I hope that everyone who fell in love with "Neither Wolf Nor Dog" and other such sympathetic but ethically blurry books about Native Americans will pick this one up--Treuer uses actual, named, directly-quoted people, with no composite characters, and is very careful and transparent about acknowledging his process and his own limitations and subjectivity. This is the real deal.
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Product Details

ISBN:
9780802119711
Author:
Treuer, David
Publisher:
Atlantic Monthly Press
Subject:
Native American
Subject:
Native American-General Native American Studies
Copyright:
Edition Description:
Trade Cloth
Publication Date:
20120231
Binding:
HARDCOVER
Language:
English
Pages:
368
Dimensions:
9 x 6 in

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Related Subjects


Featured Titles » General
History and Social Science » Native American » General Native American Studies

Rez Life: An Indian's Journey Through Reservation Life New Hardcover
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Product details 368 pages Atlantic Monthly Press - English 9780802119711 Reviews:
"Publishers Weekly Review" by , "Novelist Treuer (Little) offers an ambitious, impressionistic study of life on Native American reservations. His blending in of the history of his Ojibwe tribe and his own family results in a nuanced view of personal and tribal identity. It's neither definitive nor a work of full personal disclosure, but it is 'the story of the paradoxically least and most American place in the twenty-first century. Welcome to the Rez.' Whether he's describing the central role of fishing walleye, the region's signature fish; the Ojibwe's treaty right fights; or the timeless method for harvesting wild rice, Treuer paints a picture of a vital if economically strained tribal life, deftly supplying historical context to explain how the Mille Lacs, Red Lake, and White Earth reservations came to be and survive. If the stand-alone chapters don't always flow smoothly into one another, the vignettes — of treaty rights fishing activists; of how casinos have changed economic life on the rez; how his mother, a tribal judge, dispensed justice; how an Ojibwe language teacher ensured the viability of the tribal language for another generation; and most powerfully, how Treuer's grandfather's suicide left the family reeling — bring the world and personalities of the rez to vivid, heartrending life." Publishers Weekly Copyright PWxyz, LLC. All rights reserved.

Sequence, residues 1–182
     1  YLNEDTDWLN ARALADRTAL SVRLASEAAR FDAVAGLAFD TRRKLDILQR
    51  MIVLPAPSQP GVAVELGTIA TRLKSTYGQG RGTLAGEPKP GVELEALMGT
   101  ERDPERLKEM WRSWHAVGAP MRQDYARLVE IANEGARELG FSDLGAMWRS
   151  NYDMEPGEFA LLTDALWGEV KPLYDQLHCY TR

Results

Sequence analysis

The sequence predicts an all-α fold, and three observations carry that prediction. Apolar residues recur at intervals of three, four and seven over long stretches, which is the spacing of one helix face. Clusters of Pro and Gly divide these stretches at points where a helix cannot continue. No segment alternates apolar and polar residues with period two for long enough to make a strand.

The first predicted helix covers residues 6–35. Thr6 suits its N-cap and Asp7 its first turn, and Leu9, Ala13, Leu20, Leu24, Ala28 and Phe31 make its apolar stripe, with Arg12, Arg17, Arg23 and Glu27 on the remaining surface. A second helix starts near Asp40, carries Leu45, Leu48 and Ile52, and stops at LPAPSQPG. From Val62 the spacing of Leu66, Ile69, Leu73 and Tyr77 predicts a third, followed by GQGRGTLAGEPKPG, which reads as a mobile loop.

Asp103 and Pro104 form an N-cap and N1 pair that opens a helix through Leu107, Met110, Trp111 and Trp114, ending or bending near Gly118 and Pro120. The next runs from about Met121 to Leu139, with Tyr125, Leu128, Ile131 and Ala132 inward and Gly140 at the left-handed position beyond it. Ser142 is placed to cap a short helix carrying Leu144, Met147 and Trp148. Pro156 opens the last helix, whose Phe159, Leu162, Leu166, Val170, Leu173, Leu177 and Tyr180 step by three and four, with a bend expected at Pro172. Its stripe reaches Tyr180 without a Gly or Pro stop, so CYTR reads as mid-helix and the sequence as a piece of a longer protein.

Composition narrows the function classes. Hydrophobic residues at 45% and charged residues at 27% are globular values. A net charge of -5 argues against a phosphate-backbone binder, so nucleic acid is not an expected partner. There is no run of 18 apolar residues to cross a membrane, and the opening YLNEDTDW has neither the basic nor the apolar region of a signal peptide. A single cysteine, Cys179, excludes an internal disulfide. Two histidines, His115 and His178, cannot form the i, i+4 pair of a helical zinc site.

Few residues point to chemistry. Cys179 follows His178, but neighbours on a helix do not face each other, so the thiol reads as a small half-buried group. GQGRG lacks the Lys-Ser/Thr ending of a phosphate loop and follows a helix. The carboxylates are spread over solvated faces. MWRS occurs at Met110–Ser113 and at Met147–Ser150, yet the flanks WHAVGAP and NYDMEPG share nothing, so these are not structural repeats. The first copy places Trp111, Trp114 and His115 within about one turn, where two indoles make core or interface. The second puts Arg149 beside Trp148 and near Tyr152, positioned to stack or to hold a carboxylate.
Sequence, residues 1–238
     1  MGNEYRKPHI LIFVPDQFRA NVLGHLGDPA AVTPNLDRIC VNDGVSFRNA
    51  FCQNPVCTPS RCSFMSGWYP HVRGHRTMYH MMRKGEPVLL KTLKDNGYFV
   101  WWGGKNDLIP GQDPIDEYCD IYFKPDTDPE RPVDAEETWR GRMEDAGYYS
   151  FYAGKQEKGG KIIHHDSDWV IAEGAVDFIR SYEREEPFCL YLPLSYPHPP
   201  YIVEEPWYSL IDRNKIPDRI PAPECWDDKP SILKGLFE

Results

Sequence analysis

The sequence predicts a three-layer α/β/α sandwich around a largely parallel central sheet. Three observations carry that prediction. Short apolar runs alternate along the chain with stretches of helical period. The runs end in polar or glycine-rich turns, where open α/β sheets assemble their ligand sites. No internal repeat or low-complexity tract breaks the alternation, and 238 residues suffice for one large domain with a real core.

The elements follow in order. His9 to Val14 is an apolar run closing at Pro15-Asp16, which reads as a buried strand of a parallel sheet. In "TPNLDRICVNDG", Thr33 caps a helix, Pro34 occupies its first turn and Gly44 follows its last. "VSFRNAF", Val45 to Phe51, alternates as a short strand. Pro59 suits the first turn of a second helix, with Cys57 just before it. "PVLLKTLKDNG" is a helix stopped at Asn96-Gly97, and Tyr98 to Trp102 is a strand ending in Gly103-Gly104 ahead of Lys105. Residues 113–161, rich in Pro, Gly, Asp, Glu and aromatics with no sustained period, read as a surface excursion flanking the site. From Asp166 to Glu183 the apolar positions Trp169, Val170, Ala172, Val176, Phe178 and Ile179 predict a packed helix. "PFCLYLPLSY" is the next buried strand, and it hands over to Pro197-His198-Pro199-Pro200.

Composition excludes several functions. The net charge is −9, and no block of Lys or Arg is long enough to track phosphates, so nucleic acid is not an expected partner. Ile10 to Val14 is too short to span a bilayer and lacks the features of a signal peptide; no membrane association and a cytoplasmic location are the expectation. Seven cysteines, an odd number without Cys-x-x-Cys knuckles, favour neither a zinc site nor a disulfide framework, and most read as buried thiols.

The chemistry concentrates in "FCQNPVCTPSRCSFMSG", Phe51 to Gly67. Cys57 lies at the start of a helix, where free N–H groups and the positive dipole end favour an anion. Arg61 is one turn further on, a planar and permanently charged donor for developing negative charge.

"Synopsis" by ,
Celebrated novelist David Treuer has gained a reputation for writing fiction that expands the horizons of Native American literature. In Rez Life, his first full-length work of nonfiction, Treuer brings a novelists storytelling skill and an eye for detail to a complex and subtle examination of Native American reservation life, past and present.

With authoritative research and reportage, Treuer illuminates misunderstood contemporary issues of sovereignty, treaty rights, and natural-resource conservation. He traces the waves of public policy that have disenfranchised and exploited Native Americans, exposing the tension that has marked the historical relationship between the United States government and the Native American population. Through the eyes of students, teachers, government administrators, lawyers, and tribal court judges, he shows how casinos, tribal government, and the Bureau of Indian Affairs have transformed the landscape of Native American life.

A member of the Ojibwe of northern Minnesota, Treuer grew up on Leech Lake Reservation, but was educated in mainstream America. Exploring crime and poverty, casinos and wealth, and the preservation of native language and culture, Rez Life is a strikingly original work of history and reportage, a must read for anyone interested in the Native American story.